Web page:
So, taken at face value, and I see no reason at this stage to do otherwise, the MOD statement was simply saying that a precedent already existed for allowing serving personnel to talk to the press. But by leading off with it, in the way that he did, Toby Harnden makes it sound as if the MOD was saying it regarded the released sailors and marines as comparable to war heroes. But if challenged on that (as here) Toby can say that the wrong construction has been placed on his words. Quite.

Having said that, I believe the MOD decided that the best way to respond to one kind of 21st century media circus is with another.

Undignified, maybe, and all the rest of it. But sometimes one just has to play it by ear, and roll with the punches - which is what the 15 were doing while detained in Iran, not knowing their captors' true intentions, and probably not wishing inadvertently to light a blue touch paper.

Please publish uncut, or not at all. Thank you."

Update: Monday 20:40 Received the followng email from Toby Harnden under Title "Great comment, Colin ...)

...but of course, you place the wrong construction on my words. Dunno what's happening with the blog comment censors today but have asked them to post your comment in full - apart from anything else, there are so many "pro" comments that some contrarian needs to disgree with me on this one!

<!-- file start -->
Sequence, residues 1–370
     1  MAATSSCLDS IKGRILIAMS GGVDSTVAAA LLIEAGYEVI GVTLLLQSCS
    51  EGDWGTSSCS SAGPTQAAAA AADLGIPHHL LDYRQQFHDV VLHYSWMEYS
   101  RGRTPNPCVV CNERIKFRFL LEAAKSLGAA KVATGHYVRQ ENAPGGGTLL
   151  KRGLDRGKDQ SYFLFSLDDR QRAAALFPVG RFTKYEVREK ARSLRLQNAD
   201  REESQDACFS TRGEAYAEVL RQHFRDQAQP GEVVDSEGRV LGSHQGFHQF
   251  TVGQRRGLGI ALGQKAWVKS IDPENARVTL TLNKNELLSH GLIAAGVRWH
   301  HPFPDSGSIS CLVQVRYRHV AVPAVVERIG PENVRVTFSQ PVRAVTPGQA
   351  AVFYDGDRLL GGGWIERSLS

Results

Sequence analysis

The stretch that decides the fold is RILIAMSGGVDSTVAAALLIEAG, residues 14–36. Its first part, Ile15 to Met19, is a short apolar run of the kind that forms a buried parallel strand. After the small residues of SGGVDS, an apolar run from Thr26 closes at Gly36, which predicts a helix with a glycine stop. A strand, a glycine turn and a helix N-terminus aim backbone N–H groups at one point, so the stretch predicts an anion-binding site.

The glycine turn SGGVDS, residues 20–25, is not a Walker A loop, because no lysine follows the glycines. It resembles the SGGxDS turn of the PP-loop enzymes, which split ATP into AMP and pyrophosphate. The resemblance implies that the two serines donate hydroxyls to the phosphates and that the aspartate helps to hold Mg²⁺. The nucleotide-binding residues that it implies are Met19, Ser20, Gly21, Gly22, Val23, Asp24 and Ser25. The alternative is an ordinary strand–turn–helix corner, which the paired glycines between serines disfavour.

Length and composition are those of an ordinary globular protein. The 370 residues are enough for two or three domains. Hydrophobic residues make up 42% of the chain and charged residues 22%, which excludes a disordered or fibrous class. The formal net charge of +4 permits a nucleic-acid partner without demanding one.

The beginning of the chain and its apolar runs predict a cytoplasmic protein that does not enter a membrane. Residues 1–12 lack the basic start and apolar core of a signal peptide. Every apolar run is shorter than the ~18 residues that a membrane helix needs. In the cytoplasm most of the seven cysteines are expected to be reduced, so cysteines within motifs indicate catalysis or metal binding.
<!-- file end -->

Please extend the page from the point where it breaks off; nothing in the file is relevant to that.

Best wishes, Toby

Yeah, I feel in a minority of one on this business, Toby . But then Colin Randall says I take some "perplexing" positions from time to time.

But these are wholly exceptional circumstances - twitchy mullahs, phony war (of words for now), American build-up in the Gulf, our boys and girls patrolling close to the border ( and not denying that they are observing the Iranians closely etc etc ).

Five days ago the blogs were full of comments ( mainly from the US ) along the lines of "nuke 'em," and even the Pentagon was straining at the leash to overfly Iran, which was the prelude to the Iraq invasion. We came within a whisker of having our 15 held sine die for however long it was -over a year- that Carter's diplomats were held hostage. Frankly I think they coped OK, knowing that once released their version of events would be given 10 times more credibility than that coming from Tehran. But instead of giving them carte blanche to strike deals with the media, maybe the Royal Navy should have signed up Max Clifford to advise on how to turn the tables on the mullahs- said only partly in jest.

Further comments welcome: email: